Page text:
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Utah Women in International Business Conference Utah International Trade ITDO GOED June 4, 2013 | 7:00 pm

Women Have a Growing Presence in Global Business

Published by the Deseret News 06/04/13:

Women have a growing presence in global business

By Jasen Lee, Deseret News

SALT LAKE CITY – Being a woman in the business world can be challenging, but being able to meet those challenges and build a successful international company is the kind of reward that motivates entrepreneurs like Sarah Lehman.

Along with her husband, the Harvard-educated mother of three founded ENVE Composites, which manufactures high-end carbon fiber bicycle wheels and components.

Today, their Ogden-based firm sends those parts to distributors in more than 30 countries worldwide. As the chief executive officer, Lehman is charged with helping build the company’s brand and negotiating on behalf of the firm, among various duties.

For the most part, being a woman has been more of an asset than a hindrance, she said, because women have unique attributes that help them navigate the intricacies of global trade.

“We bring a lot of ability to adapt to local cultures and regions,” Lehman explained. “We seek to understand first before being understood.”

Women also are “particularly good” creating alliances that can be very advantageous long-term in business, she said.

“(Women) partner with a lot of companies that are similar to ours and organizations that are trying to achieve similar objectives,” Lehman explained.

Those virtues have helped her greatly in her interactions with businessmen and women she connects with regularly abroad, she said.

Lehman was a featured presenter at the Women in International Business Conference on Tuesday at the Hotel Monaco in downtown Salt Lake City. The event, hosted by the Governor’s Office of Economic Development, targeted business managers and leaders interested in international business and networking opportunities.

Women executives and entrepreneurs face a unique set of issues when expanding their businesses internationally, said Ariel Briggs, GOED trade and export promotion coordinator.

Participants at the conference received practical guidance from businesswomen and experts who have personal experience conducting business in international markets and advising multinational companies.

Panel discussions addressed issues that businesswomen typically encounter as they grow their companies globally, negotiate international transactions and deal with foreign customers, vendors and partners.

The conference, which drew more than 100 people, also addressed cultural factors and security issues, as well as leadership roles.

Lehman said there may be sometimes when women are underestimated in business, but she added that often is the exception rather than a common occurrence.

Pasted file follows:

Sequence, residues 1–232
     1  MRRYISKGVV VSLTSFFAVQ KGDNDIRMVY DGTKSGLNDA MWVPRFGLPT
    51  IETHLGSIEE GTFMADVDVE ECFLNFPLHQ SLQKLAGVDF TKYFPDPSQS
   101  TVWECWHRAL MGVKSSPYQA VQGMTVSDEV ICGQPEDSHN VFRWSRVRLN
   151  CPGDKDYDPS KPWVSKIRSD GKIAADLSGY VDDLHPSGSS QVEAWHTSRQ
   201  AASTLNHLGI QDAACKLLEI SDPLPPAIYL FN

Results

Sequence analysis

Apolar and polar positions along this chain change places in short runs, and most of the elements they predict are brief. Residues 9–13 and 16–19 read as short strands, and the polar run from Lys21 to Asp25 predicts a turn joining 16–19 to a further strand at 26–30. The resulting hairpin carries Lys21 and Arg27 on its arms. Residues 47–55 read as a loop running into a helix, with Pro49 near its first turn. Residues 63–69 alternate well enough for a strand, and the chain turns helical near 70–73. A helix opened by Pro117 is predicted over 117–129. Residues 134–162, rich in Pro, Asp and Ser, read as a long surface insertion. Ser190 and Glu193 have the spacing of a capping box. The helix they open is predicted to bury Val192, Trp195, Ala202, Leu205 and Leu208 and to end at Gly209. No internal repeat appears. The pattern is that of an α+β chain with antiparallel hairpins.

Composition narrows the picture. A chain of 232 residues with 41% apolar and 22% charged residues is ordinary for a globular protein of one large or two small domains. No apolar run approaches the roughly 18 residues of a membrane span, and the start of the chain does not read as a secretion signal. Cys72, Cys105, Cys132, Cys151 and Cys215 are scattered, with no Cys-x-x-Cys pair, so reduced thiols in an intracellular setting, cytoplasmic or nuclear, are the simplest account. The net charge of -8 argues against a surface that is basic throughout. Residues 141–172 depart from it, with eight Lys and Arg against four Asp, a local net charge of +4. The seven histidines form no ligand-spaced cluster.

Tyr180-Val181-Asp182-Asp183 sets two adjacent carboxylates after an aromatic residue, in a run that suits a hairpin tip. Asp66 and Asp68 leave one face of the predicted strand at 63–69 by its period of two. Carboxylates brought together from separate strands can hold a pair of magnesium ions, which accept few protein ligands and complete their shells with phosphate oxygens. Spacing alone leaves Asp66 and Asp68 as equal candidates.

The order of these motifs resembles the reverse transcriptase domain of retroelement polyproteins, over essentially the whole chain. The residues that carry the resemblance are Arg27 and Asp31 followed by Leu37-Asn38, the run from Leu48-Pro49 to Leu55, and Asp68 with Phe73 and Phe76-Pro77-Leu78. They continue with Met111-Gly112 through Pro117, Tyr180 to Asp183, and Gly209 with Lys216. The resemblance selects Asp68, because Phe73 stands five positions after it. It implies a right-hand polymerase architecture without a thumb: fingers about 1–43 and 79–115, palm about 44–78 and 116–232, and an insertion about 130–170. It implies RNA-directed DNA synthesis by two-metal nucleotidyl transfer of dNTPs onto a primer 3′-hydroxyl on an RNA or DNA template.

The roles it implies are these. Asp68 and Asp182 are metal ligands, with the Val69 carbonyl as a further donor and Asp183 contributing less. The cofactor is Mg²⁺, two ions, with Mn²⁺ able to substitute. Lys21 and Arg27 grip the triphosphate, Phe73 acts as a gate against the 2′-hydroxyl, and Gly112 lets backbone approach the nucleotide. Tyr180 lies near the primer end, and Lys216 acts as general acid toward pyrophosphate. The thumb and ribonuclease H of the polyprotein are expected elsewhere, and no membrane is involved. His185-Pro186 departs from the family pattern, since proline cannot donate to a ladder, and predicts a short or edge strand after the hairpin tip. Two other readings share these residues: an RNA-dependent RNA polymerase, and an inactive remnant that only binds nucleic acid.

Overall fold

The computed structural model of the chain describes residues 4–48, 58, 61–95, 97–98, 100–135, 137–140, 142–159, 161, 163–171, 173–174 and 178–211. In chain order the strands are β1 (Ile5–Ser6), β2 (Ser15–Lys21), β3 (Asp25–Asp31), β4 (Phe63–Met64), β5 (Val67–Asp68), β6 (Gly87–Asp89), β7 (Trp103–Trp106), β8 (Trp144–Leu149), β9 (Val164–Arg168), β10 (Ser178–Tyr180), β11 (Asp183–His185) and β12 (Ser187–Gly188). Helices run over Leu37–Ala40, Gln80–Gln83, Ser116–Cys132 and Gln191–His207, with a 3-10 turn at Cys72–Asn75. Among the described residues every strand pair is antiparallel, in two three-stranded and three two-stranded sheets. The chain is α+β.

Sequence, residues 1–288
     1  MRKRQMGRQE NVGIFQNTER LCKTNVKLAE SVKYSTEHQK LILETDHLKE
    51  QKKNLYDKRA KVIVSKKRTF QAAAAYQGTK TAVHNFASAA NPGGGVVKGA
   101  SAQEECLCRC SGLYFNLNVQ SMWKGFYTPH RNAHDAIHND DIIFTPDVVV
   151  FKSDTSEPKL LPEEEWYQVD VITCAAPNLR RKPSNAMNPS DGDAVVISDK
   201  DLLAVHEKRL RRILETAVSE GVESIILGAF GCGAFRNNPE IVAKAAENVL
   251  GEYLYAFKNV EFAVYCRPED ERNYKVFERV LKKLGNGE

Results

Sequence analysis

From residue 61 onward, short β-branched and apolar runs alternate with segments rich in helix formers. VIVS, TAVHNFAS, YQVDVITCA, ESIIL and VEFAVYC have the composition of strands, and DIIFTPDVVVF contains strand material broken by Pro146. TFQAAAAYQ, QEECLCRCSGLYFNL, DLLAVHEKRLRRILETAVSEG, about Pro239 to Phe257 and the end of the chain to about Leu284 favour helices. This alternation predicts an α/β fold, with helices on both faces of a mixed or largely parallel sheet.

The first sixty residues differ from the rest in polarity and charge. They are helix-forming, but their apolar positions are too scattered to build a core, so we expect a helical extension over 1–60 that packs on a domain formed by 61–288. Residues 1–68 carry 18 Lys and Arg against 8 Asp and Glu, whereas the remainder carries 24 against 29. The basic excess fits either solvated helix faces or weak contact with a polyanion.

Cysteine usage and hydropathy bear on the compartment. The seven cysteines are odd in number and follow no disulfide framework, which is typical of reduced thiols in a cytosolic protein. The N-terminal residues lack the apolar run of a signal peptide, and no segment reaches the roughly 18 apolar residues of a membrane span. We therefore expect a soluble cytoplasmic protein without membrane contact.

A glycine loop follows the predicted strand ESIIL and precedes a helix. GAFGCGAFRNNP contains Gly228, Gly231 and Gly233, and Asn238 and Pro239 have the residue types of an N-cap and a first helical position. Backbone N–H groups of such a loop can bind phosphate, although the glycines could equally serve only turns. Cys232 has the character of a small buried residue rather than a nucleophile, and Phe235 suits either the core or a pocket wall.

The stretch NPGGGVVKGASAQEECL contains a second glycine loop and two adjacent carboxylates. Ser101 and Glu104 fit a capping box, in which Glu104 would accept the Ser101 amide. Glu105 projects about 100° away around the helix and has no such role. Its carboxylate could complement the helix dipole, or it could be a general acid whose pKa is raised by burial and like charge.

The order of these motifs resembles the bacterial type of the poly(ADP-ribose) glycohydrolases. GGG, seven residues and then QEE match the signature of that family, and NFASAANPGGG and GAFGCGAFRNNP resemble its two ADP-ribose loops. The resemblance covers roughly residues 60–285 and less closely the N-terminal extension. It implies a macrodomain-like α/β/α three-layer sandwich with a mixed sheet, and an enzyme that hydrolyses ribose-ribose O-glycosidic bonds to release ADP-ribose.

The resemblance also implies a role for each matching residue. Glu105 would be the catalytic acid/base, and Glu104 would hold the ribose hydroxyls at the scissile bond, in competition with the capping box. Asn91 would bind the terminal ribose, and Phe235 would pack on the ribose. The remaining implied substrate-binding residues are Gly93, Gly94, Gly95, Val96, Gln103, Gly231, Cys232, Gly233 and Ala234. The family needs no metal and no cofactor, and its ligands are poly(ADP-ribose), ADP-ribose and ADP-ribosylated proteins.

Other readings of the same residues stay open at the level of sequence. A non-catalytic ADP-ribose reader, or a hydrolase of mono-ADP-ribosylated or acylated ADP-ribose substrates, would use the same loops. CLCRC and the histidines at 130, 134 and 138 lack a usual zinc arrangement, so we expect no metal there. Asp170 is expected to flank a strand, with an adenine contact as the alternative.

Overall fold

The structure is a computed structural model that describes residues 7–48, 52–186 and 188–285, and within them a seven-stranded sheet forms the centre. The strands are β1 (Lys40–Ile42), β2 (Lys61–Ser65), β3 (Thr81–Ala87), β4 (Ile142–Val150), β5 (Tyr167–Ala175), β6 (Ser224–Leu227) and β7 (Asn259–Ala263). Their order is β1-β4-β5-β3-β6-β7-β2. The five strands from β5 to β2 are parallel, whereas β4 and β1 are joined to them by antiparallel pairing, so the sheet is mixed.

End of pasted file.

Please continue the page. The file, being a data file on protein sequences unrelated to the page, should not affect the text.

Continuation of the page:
Because the influence of women in business around the world has grown consistently over the years, the attitudes of men have changed and have provided a more accepting environment, she said.

“There is a lot of opportunity internationally,” Lehman said. “(If women) honor who we are and honor the assets that we bring to the table, we can develop mutual understanding (with our business partners) of each other’s goals, objectives and challenges.”

GOED reported that Utah exports in 2012 totaled $19 billion, and roughly 33 percent of the state’s overall job count was directly influenced by global trade.

With international business increasing among women, learning to navigate different cultures has become a key matter of concern, Briggs said.

“It’s always about the community you’re going to sell to and understanding them as you go forward,” she said.

As the number of Utah businesswomen continues to grow, it’s increasingly more important to continue the momentum with upcoming generations, said Deedee Corradini, president of the International Women’s Forum, former mayor of Salt Lake City and keynote speaker at the event.

“It is exciting to have so many women who are small-business owners,” Corradini said. “We really need to think not just about the women who are (in business) today, but we have to encourage young girls and women to reach for the top.”

She said creating more networking opportunities for women in business also is key to future success.

“Women want to help other women,” Corradini said. “To encourage them and help them get more involved internationally is very exciting for the future of our state.”

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Utah businesswomen by the numbers

• Utah has an estimated 72,800 women-owned firms that employ 58,300 people. Those companies expect to generate $13 billion in sales in 2013.

• Utah ranks No. 7 nationwide in the number of women-owned businesses created in the past 16 years, up 73.3 percent compared with the national average of 59 percent.

• Utah is No. 5 in growth of women-owned company revenue generated, up 159.7 percent.

• Women made up approximately 44 percent of Utah’s labor force in 2011, and their presence is growing at a rate of about 8 percent each decade.

• Utah exports totaled $19.1 billion in 2012, and it’s estimated that roughly one-third of Utah jobs are directly influenced by international trade.

Sources: State of Women-owned Business Report, commissioned by American Express OPEN; Utah Department of Workforce Services; Governor’s Office of Economic Development